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Any tablet or computer running windows will work. The only reason why the winbook is recommended is because of the two usb ports so the tablet can communicate with Nomad and can be powered simultaneously. There are others with dual USB - like the Panasonic Toughbook - but they are significantly more money.

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You know. Having 2 cables coming out of windows only tablets.  Is a major dissapointment. In this day and age everything is wireless to devices. Especially with a back mounted bag which seems to be the direction zaxcom is headed.  

And no iPad support.    Very clunky and to bulky. 

Not sure this can be fixed. But imo it would be a "fix"

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I am not a fan of USB (or actually any of the other "computer" connectors we have to use, connectors which were never designed to be plugged and un-plugged or mobile, basically designed for "fixed" installations. That said, for our work, I am also not a fan of relying on any sort of wireless communication for critical connections amongst our devices --- a proper hard wired connection will always be better. Any wireless connection, Bluetooth, UHF, VHF, 2.4ghz, etc., is subject to all sorts of problems that are unpredictable and unacceptable in production environment in my opinion. I do lament the reliance on Windows, in any form, on any device, but I've been told many times that that is MY problem, I am a Mac bigot, etc., etc. In any case, most of the Zaxcom software, Oasis and Deva24, will have Mac OS support. Apple iOS, I'm sure, will not be supported as Glenn really does not want to have to get that close to Apple. It should be noted that Michael Sujek and others, notably Jan McLaughlin, are using iPads for Oasis and Nomad Touch. It is a bit of a kluge but it works (and of course it is not wireless which was the original issue I was responding to).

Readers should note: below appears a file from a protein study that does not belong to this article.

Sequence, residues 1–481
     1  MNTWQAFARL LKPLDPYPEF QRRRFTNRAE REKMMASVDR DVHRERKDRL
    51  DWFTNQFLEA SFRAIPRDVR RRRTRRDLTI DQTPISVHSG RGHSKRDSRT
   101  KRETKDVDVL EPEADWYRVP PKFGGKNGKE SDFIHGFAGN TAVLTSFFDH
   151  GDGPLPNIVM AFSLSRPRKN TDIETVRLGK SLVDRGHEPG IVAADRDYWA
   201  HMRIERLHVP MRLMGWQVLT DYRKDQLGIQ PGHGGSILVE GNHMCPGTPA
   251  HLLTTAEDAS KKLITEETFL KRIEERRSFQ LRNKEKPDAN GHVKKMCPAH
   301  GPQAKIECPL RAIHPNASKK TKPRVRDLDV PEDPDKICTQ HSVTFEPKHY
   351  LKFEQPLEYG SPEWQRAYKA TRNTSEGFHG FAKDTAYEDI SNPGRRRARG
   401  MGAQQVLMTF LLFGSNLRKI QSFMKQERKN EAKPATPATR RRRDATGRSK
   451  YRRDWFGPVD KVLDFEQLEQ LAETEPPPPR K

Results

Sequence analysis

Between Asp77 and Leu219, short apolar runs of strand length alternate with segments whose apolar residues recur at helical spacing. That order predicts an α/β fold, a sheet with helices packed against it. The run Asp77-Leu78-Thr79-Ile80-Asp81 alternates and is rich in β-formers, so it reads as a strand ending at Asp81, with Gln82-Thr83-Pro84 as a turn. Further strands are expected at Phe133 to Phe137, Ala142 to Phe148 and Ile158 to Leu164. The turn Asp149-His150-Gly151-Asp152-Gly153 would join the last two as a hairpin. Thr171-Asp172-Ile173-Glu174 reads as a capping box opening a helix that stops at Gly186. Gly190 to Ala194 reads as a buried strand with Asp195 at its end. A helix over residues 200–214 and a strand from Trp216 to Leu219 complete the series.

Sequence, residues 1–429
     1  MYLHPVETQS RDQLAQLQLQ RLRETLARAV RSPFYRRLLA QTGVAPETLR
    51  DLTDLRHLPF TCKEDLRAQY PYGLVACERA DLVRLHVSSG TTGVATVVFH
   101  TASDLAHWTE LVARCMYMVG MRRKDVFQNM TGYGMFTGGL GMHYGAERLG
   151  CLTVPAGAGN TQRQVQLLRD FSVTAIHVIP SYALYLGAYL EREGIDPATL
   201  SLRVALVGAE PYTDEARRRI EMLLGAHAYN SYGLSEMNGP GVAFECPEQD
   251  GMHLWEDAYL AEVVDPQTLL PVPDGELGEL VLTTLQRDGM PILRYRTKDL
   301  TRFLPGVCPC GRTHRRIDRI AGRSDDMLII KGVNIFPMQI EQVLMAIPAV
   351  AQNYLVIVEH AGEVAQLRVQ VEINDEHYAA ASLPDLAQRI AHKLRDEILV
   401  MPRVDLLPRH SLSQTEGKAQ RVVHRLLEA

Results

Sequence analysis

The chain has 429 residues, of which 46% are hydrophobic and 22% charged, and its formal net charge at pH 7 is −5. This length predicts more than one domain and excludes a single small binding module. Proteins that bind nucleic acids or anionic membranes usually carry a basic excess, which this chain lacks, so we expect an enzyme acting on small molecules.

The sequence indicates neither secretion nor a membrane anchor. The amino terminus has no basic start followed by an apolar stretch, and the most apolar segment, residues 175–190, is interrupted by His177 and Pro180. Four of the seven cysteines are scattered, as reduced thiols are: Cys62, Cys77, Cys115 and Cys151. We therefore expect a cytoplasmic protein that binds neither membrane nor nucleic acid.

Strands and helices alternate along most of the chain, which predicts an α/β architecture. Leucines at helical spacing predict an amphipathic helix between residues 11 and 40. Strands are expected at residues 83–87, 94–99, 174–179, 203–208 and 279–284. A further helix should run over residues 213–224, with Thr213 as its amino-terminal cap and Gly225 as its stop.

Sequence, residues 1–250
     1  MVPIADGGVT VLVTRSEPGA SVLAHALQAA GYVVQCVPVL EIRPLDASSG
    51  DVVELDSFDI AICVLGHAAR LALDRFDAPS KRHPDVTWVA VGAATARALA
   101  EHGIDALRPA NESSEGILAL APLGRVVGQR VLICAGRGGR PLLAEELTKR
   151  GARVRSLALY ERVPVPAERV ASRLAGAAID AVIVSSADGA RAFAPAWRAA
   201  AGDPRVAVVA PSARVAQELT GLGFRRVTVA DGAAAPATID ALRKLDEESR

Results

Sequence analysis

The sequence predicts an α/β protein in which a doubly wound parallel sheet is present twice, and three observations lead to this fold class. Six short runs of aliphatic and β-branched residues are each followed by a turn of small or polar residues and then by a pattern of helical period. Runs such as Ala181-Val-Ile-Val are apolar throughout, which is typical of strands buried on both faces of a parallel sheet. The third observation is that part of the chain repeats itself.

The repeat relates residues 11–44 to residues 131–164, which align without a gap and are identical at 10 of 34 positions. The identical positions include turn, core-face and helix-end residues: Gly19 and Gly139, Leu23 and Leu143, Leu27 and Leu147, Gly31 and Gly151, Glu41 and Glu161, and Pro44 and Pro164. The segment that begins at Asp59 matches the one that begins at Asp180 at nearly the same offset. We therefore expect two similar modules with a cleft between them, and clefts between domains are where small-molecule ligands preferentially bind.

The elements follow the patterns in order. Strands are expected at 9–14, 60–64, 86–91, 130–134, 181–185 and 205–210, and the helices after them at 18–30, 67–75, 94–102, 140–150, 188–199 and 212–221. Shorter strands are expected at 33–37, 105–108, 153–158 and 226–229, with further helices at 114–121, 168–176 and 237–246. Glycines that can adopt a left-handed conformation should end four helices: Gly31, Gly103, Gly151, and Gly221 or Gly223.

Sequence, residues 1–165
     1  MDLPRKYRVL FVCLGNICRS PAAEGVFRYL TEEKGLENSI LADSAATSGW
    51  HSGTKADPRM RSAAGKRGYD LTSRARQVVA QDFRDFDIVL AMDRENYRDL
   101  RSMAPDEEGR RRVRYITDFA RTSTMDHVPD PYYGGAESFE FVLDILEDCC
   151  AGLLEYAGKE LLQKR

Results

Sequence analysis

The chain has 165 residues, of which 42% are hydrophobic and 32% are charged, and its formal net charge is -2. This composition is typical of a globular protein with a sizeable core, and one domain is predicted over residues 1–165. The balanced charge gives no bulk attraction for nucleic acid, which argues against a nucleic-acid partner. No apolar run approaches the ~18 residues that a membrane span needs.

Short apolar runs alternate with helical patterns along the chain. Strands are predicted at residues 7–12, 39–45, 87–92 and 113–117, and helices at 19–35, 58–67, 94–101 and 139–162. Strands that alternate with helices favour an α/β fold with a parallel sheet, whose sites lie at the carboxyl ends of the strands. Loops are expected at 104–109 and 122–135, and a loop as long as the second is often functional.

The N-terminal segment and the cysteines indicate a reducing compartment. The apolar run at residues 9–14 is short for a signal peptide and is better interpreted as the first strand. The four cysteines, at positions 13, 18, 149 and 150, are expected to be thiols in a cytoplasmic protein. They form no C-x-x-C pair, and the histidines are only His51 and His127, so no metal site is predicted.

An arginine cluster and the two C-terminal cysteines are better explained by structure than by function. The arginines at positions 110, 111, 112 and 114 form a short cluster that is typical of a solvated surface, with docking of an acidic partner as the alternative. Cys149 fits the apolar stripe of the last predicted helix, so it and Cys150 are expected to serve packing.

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I wonder if Jan could post some instruction as to how she got her iPad connected to the Nomad Touch? I am just starting down that path and really hate the TW700.  Thanks in advance to any advice.

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Michael Sujek and @Sam Kashefi were the first ones that I know of to experiment with the Windows / iOS hybrid solution that Jeff speaks of. I know Jan has joined this crew.

The trick is that they're using the Kangaroo-PC, a micro sized Windows computer that allows you to use an iOS device as your screen via a dedicated app, and hardwired via the USB connection. Sam was able to figure out a wireless solution via remote control using the Splashtop iOS app.

I'm anxiously awaiting delivery on my Kangaroo PC to build the same setup.